Jay Leno, the embattled host of The Tonight Show who recently took $15 million pay cut, once thought of himself as an actor. After spending several years on the stand-up comedy circuit, the funnyman decided to answer Hollywood’s call. The end result: Director Lewis Teague’s 1989 buddy cop flick Collision Course, a film that would sit on a shelf somewhere in California for three long years before finally seeing the proverbial light of day.
Although Collision Course is relatively unknown outside of those who spend quite a bit of time with obscure cinema, it occasionally pops up whenever Leno-related news comes about. Presently, it’s the only film that features the Tonight Show host in a lead role. Given Leno’s troubles as of late, chances are this fact isn’t going to change anytime soon.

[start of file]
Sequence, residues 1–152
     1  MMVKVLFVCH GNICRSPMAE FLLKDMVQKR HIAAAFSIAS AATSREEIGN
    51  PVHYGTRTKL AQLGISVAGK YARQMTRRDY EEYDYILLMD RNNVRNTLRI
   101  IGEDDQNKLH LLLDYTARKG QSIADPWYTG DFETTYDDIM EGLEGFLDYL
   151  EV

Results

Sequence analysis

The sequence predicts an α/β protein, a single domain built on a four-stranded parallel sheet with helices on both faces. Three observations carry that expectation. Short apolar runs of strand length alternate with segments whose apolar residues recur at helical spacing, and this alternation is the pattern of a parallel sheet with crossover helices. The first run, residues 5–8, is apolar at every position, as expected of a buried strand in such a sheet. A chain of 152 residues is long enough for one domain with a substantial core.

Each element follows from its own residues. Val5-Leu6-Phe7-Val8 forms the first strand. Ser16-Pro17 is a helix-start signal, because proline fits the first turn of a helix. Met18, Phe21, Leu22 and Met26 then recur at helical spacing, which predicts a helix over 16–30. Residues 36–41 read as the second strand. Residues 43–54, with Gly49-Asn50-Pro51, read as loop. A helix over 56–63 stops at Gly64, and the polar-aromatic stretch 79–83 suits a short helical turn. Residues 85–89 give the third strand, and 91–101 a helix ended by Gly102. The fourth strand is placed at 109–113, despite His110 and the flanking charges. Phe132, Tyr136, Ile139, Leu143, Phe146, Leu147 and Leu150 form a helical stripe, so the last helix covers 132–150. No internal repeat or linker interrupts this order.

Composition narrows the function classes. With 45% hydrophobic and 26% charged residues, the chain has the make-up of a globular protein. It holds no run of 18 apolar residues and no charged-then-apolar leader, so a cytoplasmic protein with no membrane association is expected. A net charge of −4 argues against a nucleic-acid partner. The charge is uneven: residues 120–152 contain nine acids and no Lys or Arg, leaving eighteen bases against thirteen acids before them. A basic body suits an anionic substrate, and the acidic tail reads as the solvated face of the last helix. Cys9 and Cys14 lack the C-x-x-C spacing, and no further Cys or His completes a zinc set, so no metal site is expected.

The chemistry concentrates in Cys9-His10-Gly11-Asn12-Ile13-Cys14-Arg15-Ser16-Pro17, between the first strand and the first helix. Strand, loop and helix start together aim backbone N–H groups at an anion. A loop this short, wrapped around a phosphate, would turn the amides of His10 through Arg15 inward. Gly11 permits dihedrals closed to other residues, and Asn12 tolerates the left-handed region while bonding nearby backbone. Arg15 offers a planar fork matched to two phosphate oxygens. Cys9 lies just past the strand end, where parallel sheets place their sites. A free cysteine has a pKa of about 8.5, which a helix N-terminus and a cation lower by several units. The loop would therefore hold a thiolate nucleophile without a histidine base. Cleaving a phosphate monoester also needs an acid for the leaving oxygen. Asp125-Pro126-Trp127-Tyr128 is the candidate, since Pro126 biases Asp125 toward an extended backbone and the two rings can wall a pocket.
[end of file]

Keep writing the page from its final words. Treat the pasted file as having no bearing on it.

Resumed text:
The folks at Internet Movie Database describe the movie as follows:
“Tony Costas, a brash, obnoxious, sexist and racist Detroit cop who has long since stopped following the rules, gets told that he will have to work with Inspector Fuji, a straightlaced policeman from Japan. Fuji is in Detroit searching for a Japanese engineer who has gone to America with plans for a top secret car part. The pair naturally fail to get along at first, but as the investigation continues, they almost begin to come close to tolerating each other’s presence.”
Although the film was filmed in 1986, Collision Course wouldn’t be released until 1989. Once it was available to the masses, the flick floundered on video before becoming a staple on cable during the late 80s/early 90s.
During one of Pat Morita’s appearances on The Tonight Show, the actors revealed the film’s storied past. Not only was the film delayed several years before its release, the production apparently ran out of money long before everything was in the can. According to the actors, several key scenes in the film never made it before the camera.
For his role in Collision Course, Xfinity currently lists Jay Leno as cinema’s worst action star in history. To make matters worse for the stand-up comedian, his contribution to World Championship Wrestling is considered to be the least-purchased wrestling pay-per-view event of all time.
Have you seen Jay Leno’s Collision Course?